PICKING A TEFL COURSE | 5 things to consider

So, you’ve decided you want to be an English teacher and work abroad. YAY! First thing you’re going to have to do is get yourself a qualification to prove you have the expertise to be in charge of a classroom!

We spent a lot of time exploring the different TEFL (Teaching English as a Foreign Language) qualification options before picking ours from TEFL.org (review coming soon!) With TEFL becoming a popular and attractive way to live abroad and fund future travel it’s not surprising that many companies have jumped on the bandwagon and are offering a wide range of TEFL courses, some better than others!

There were a number of important factors which defined how we searched through the many different options, so we thought we’d help give you some direction with our 5 things to consider when picking a TEFL course!

1. How serious are you about becoming a TEFL teacher?

Is this a temporary career in order to explore more of the world, or is this a chosen career in which you hope to progress? This will help you to first decide whether you should do a TEFL course (cheaper and less in-depth option) or whether you would be better to invest more money and time into a CELTA (Certificate in English Language Teaching to Adults) qualification.

When we started looking into courses neither of us had any teaching experience and so we were unsure whether we would 1) be good teachers, and 2) whether we would enjoy it. This helped to shape our search from the offset as we didn’t want to invest too much money and time into our courses incase it transpired teaching wasn’t for us. This confirmed to us that we wanted to find a TEFL course rather than a CELTA, which is a much more intense, serious and in-depth qualification. If you do have teaching experience and know that it is the career for you then you would be better to save and invest in a CELTA or similar. CELTA courses are available from a number of language schools and universities across the UK and are typically ~£1000 and last 4-5weeks (full-time).

2. What is your budget?

There is a wide variation in the price of courses, from expensive CELTA courses, to mid-range TEFL courses and even budget TEFL courses available as Groupon offers. Again, how serious you are about pursuing a TEFL career should dictate your budget. If you plan on being a teacher long term then it would make sense to spend more on a course that covers everything you might possibly need to know. If teaching is a temporary career then a cheaper course should teach you the basics that you will need to land you a job. Slightly more expensive TEFL course are likely to cover a wider range of modules, have greater student support along with access to their job website to help you find a reputable job. However, that doesn’t mean that some of the cheaper options don’t include these so explore course content and benefits before you purchase or discount a cheaper course! We cannot personally comment on how good the budget courses available from offer retailers like Groupon are, however we have friends who have successfully obtained teaching jobs with these certificates so they can’t be all that bad!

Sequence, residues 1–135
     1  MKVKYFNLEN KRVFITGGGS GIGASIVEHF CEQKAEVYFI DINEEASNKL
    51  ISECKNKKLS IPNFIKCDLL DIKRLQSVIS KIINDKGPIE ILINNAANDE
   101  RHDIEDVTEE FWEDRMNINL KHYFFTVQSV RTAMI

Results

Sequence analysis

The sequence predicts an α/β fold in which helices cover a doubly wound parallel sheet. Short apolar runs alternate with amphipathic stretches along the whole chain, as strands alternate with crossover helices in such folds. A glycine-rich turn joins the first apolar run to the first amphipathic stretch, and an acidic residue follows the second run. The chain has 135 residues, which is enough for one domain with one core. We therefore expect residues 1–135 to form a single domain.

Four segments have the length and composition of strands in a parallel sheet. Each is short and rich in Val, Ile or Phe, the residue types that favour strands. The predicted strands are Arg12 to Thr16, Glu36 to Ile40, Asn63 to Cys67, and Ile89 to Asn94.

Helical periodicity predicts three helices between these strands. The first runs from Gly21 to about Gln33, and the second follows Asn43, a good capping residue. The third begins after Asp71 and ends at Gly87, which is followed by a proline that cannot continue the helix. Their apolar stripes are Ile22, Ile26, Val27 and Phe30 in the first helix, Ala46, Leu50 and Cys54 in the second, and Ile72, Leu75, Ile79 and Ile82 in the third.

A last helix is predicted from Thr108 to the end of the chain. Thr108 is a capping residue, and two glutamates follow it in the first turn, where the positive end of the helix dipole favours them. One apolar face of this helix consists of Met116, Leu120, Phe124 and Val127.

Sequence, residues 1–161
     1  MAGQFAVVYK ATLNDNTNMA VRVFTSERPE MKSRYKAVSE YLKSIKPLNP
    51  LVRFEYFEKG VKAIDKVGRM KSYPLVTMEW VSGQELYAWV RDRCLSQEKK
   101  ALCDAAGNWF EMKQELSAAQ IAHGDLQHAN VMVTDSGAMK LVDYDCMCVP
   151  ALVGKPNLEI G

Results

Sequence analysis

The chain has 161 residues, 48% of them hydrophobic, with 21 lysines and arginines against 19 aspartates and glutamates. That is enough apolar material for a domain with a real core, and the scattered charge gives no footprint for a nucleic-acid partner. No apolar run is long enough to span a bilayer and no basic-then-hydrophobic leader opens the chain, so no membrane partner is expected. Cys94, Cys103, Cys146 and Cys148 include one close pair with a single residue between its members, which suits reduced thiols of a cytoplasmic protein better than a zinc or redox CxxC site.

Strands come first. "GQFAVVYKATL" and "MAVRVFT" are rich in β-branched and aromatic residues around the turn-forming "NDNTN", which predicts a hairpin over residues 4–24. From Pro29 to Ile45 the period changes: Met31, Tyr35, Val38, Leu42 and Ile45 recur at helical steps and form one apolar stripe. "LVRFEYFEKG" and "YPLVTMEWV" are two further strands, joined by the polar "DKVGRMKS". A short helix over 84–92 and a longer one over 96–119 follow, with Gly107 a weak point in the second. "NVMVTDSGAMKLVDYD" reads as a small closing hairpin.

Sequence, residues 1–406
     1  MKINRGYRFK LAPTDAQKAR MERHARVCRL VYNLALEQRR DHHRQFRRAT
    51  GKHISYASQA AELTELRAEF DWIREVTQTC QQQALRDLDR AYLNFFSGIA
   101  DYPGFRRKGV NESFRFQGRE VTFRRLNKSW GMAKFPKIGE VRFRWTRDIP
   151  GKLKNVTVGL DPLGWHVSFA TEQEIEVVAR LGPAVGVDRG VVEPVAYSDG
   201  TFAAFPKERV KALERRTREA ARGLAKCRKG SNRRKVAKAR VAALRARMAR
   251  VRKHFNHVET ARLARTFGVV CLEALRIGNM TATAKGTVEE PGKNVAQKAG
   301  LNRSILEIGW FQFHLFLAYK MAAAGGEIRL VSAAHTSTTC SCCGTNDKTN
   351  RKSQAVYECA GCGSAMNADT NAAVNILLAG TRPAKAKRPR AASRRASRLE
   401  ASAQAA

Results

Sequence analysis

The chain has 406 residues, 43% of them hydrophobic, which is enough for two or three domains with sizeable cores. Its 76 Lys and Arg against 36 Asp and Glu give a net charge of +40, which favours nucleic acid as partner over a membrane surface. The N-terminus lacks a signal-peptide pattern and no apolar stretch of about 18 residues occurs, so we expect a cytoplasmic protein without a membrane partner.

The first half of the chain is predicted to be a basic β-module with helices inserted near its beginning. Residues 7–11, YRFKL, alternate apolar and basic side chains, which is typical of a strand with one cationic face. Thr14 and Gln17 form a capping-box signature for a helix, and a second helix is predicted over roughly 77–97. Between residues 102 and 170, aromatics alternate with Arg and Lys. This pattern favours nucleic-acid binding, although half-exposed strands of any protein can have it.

When we finally decided which course we wanted to purchase we waited before purchasing it incase any offers came out, and sure enough within weeks we were able to buy it with £70 off! TEFL companies regularly run discount offers so we recommend signing up for mailing lists and taking advantage of theses offers!

3. Is the course accredited?

This was one of the most important factors to us. We wanted to ensure that whatever course we picked it would be accredited by an outside agency which would be recognised and respected all over the world. Additionally, outside accreditation is a good way of checking that the product you are purchasing is legit and not a scam. Our courses were accredited by a large number of different agencies which indicated that the course would be of good quality.

4. Course content

Course content is another extremely important factor which you need to take into consideration. We would first urge you to think about what kind of teaching you are interested in – children, adults, business, private tutoring, public schools or language schools. All have slightly different teaching style so it would be beneficial to have a rough idea before you begin narrowing down courses. For example if you are looking at teaching in public schools then it would be beneficial to have modules on classroom management and how to teach large class sizes (i.e. 40+ students, which is not uncommon here in Asia!) If you are looking to do private tutoring then it would be useful to have modules on remote learning such as telephone or Skype teaching! From what we saw most courses were geared towards teaching adults so if you are 100% sure you want to teach children then look for a course specifically geared towards kids. If not then an overall course would be good to start – you can always purchase specialised modules later!